Anonymous Coward says:

Re: Re: Re: Re:

Sure, if not for the fact that the bulk of copyright cases don’t even make it to the stage of Prenda’s proceedings, despite the RIAA/MPAA’s cases, for all intents and purposes, looking exactly like cases Prenda and Malibu Media brought forward.

If what separates your majority cases and corner cases is literally "Judges Wright and Pregerson happened to look at it", that baby might be more bathwater than you think.

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Anonymous Coward says:

Re: Re: Re:2 Re:

Well, one might also consider all the commercial applications, breakthrough inventions, and contributions to humanity that depend on copyright and patent law, and have nothing to do with litigation and everything to do with encouraging and rewarding creative genius.

As an example, name a country with more valuable and long lasting contributions to humanity than the USA.

I’ll wait while you think.

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Anonymous Coward says:

Re: Re: Re:5 Re:

I like how you’ve gone on to completely sidestep all the other points brought up to bring out a "governments would be tyrannical and controlling if not for copyright law" screed, but humor me – exactly how does copyright law, a government-granted monopoly that allows copyright holders to define and control usage of their works, result in less control?

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Anonymous Coward says:

Re: Re: Re:6 Re:

You like me, that’s nice.

Think of copyright and patent law like super powers, allowing, even encouraging, independent inventors to compete and win with large, tyranical corporations by having and protecting better ideas from unlawful theft.

Better inventions makes for better societies.

Everyone benefits.

Except the Chinese, of course.

Anonymous Coward says:

Re: Re: Re:7 Re:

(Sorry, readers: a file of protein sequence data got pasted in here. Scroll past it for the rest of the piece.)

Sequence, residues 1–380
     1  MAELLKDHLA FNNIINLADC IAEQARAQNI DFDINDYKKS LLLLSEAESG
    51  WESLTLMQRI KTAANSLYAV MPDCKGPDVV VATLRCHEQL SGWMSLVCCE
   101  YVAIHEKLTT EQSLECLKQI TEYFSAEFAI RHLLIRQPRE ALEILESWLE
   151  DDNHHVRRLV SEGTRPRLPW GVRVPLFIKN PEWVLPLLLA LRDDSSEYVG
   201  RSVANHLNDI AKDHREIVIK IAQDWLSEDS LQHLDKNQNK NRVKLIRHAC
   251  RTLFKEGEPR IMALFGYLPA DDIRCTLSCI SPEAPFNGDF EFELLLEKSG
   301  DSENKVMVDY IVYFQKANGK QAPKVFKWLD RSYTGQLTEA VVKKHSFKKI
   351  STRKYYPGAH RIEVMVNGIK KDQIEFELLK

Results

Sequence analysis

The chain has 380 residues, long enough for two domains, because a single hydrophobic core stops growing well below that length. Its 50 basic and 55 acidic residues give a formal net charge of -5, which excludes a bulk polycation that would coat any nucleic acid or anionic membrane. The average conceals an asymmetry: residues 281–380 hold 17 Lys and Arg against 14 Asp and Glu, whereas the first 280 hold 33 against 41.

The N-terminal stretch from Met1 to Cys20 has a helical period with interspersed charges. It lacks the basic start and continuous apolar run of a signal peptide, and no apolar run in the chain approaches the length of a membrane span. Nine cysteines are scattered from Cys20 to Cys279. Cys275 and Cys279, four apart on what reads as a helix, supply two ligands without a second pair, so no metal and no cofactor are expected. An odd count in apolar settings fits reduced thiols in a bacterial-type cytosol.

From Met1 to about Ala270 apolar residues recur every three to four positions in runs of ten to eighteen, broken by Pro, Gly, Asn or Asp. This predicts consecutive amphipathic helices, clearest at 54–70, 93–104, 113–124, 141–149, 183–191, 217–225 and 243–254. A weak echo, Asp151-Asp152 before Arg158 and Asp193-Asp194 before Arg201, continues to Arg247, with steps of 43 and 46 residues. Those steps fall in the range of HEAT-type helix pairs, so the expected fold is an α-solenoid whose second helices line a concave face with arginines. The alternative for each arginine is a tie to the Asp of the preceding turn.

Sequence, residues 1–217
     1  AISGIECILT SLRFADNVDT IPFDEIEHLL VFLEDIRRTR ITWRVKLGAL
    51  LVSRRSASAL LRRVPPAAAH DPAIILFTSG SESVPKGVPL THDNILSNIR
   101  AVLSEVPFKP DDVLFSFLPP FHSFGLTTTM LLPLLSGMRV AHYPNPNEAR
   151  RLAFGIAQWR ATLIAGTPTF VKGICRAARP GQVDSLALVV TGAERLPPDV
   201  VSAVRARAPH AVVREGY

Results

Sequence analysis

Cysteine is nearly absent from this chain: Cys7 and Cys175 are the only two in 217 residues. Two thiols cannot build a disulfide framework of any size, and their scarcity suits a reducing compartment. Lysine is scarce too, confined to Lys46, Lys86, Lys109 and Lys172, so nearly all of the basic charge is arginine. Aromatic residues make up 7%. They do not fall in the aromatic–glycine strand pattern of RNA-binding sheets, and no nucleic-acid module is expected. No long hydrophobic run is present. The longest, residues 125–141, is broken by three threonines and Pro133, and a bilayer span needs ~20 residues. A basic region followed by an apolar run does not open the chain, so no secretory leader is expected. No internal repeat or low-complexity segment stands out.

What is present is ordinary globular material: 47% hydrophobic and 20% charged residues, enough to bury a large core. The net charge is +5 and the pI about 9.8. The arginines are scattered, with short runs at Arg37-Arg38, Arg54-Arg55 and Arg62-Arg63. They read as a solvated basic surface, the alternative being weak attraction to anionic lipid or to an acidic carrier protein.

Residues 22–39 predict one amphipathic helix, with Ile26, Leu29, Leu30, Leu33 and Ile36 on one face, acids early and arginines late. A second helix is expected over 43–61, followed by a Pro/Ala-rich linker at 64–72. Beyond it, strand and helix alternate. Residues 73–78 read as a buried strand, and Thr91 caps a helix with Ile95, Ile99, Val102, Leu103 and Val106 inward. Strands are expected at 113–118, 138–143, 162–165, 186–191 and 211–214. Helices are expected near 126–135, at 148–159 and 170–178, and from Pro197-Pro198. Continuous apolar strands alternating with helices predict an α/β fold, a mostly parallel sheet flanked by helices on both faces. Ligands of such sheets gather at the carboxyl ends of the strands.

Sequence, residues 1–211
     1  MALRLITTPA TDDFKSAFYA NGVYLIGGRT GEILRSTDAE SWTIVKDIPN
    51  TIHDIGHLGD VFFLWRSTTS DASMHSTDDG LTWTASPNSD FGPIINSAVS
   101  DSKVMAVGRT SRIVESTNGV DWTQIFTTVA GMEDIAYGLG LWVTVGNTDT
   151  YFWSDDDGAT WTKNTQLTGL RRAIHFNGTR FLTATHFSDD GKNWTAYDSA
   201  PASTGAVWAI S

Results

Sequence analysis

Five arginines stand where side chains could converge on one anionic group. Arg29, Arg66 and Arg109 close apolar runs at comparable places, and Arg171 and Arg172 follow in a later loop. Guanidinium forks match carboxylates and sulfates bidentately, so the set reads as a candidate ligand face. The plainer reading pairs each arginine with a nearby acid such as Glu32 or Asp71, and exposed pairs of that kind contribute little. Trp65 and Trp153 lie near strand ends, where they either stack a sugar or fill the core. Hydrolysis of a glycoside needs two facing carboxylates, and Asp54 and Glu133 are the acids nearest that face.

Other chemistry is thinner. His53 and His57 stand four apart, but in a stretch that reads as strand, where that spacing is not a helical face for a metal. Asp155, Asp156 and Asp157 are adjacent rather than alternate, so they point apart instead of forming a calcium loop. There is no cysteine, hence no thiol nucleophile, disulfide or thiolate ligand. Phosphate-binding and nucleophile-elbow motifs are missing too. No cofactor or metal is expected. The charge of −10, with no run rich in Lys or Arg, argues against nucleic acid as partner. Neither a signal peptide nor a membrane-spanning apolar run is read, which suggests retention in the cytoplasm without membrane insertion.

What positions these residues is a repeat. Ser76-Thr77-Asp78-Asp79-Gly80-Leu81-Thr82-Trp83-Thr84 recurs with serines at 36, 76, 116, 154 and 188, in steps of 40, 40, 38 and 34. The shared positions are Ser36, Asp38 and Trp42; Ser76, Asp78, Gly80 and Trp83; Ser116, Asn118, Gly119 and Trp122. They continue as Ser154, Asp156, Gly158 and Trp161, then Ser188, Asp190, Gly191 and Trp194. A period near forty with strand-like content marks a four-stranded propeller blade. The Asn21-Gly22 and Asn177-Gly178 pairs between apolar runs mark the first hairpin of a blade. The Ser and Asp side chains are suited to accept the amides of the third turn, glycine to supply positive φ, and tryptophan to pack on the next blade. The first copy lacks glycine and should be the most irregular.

Ah, just couldn’t hide the Trump rally talking point could you fam? I’m going to guess you thought that the defeat of Dallas Buyers Club and Blackbird were absolutely terrible for democracy, too. Because obviously corporations have always lived in fear of copyright instead of abusing it at every possible opportunity…

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Anonymous Coward says:

Re: Re: Re:8 Re:

Well, yes, I would agree with your point regarding the greed associated with human nature.

My point is that incentivizing poor inventors to become rich inventors is good for everyone because we all get good inventions to choose from.

More and more incentivized inventors, that’s the promise of America.

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Anonymous Coward says:

Re: Re: Re:3 Re:

If a cure exists for the common cold that also gives me AIDS as a side effect, I don’t care how effective it is at curing the common cold; it’s broken.

If a military tactic ends up killing all enemy forces but also wipes out plenty of allied forces and civilians in friendly fire, it’s a terrible strategy.

Copyright law as it stands is a dumpster fire used to incentivize shutting down game reviews and harass grandparents at the behest of porn producers, which you seem very reluctant to fix.